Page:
Its my opinion that the courts will "reject" lay evidence that conflicts with medical evidence, on medical matters.    Worse, they may even consider your testimony as not credible when it conflicts with medical evidence.  This could bring your entire testimony in doubt.  You dont want to go there.  Its a bad place to be.  Correct your records the right way, as I outlined above, and not with your own lay evidence.  The judge will likely presume your doctors testimony is probative even if the opposite is true.  


Edited by broncovet

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I assume she was contracted out by VES, QTC, or LHI.

Their contact is here under a search.

Call them up and tell them what you told us.

If that does not help, call the WH Hot Line at 1-855-948-2311.

And/or file an IRIS cmplaint.

You certainly seem to have medical evidence that combats the C & P opinion.

You can try to get this fixed sooner than later or be prepared for a possible denial,  a need for a costly IMO, and hopefully not a ride on the VA  hamster wheel.

You said:

 "Unfortunately, this seems common practice during alot of VA exams."

Yes it is and only veterans can change this crap.

The GAO knows this, vet lawyers know this, a Congressman is looking into this issue, but vets themselves have to be proactive when this happens.

This happened to me in 1996, when the VA took advantage of the fact that my husband was dead and they completely manipulated not only a C & P examiners opinion, they withheld probative evidence from him.

Since the veteran could not speak for himself, by then I was the surviving claimant and I raised Hell with the doctor,

only to find out the RO did not give him the most probative evidence he needed.

So it wasn't  his fault but nowadays this crap has become deliberate.

The VA is refusing to release a C & P exam to me because I griped to the WH Ht Line about it.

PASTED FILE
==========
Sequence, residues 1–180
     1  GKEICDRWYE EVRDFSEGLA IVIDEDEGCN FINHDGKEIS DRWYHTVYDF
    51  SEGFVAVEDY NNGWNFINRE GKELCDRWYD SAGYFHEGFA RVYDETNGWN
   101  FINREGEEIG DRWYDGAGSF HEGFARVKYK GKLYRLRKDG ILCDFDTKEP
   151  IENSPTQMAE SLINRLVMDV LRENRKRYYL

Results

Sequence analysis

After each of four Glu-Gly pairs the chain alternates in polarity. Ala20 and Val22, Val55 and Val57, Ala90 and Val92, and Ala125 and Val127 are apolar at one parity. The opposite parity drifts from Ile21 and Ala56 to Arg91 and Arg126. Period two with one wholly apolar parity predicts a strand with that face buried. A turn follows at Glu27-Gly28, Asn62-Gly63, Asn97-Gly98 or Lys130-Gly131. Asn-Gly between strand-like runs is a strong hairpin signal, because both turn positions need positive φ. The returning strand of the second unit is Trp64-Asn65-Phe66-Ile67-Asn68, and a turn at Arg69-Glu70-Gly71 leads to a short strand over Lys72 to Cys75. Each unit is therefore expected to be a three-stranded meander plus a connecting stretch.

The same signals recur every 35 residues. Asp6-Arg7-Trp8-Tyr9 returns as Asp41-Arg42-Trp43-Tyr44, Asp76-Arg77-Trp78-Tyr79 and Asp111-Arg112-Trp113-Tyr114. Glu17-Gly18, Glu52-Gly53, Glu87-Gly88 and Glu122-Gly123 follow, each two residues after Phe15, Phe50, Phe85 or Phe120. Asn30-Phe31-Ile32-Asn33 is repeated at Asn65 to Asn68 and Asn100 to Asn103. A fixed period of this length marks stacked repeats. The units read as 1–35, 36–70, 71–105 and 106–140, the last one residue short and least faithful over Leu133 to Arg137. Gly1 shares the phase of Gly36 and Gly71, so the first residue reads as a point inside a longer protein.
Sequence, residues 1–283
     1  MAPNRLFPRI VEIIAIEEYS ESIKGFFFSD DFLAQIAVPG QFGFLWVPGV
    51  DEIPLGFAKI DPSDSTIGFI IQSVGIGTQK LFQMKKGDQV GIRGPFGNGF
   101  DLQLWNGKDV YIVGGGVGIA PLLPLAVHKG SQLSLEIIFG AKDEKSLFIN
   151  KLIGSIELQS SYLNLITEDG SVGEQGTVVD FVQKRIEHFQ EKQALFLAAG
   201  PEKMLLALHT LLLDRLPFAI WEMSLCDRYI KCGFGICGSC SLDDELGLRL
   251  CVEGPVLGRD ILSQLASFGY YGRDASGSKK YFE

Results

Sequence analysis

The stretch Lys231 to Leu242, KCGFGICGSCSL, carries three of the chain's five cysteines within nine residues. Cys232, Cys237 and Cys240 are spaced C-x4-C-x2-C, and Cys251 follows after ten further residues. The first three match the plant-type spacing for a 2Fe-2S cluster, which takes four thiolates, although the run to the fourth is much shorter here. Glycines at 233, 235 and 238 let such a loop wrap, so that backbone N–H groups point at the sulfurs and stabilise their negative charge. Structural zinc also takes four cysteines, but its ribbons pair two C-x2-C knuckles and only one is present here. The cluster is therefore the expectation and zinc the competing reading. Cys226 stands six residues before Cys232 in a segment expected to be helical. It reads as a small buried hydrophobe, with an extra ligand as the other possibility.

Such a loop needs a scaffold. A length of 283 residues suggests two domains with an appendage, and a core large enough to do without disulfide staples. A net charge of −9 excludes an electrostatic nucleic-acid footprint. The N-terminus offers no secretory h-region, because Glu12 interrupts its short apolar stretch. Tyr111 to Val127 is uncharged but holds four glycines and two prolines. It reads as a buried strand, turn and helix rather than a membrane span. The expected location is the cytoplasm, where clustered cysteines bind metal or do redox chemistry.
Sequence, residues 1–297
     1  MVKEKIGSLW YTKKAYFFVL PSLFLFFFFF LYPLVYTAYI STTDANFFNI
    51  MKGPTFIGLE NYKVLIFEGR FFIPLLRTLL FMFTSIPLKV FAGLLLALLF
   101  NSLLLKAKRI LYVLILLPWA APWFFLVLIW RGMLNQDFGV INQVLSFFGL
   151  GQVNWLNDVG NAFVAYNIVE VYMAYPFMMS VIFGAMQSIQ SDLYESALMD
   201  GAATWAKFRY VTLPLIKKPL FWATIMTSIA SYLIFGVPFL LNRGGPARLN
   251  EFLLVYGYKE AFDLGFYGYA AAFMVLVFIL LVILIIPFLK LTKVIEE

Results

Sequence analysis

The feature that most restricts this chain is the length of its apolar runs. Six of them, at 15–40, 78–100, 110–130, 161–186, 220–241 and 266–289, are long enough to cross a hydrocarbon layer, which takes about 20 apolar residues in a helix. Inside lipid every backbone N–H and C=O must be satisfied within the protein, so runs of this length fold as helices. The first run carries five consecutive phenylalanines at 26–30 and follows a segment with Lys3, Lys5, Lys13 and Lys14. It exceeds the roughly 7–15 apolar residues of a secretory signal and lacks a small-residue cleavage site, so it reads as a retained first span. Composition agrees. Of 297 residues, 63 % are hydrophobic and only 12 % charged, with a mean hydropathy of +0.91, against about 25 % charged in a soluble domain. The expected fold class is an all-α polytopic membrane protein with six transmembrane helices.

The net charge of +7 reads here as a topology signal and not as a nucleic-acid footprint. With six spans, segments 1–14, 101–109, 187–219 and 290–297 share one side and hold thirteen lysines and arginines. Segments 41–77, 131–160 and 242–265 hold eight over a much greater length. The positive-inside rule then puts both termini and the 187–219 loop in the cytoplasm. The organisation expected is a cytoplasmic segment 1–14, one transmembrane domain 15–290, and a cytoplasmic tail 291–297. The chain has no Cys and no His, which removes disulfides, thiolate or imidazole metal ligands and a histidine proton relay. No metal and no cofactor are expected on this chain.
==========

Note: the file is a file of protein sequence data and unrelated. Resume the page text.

I won that claim too, under CUE, in less than 3 weeks.

I do not believe anyone with any medical background at all prepared it.

I guess my next step is to contact the IG.

That claim succeeded anyhow.But it isn't the point-why should any of us put up with a C & P exam that is not based on established medical fact in the documented record.






Edited by Berta

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One way to refute a NP exam is with an MD.  It may be in your best interest to find out the name of the examiner, and check to see if her license has been revoked, or if this NP has other legal issues.  There is much here on refuting a bad c and p exam.  

The worst part of VA doing this is that it tends to favor Vets who are wealthy enough to afford an IMO.  

Edited by broncovet

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One thing you mentioned is that she said there was no evidence when the evidence was available.  Talk to your representative about this.  I once had a C&P thrown out because the doctor did not read or annotate the evidence of record that was available at the time.  It throws out the impartial status of the examination.

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It seems to be a hit or miss when it comes to the C&P examiners. I went to two different Nurse Practitioners. The first one did not review all of the files in my claim (MRIs) and said her job was to do new DBQs and not review my doctor's DBQs in my claim. So I had denials from her exam. The second one that covered my deferred claims was very meticulous and even reviewed files while I was there with her to validate things were in my SMRs and still current ailments.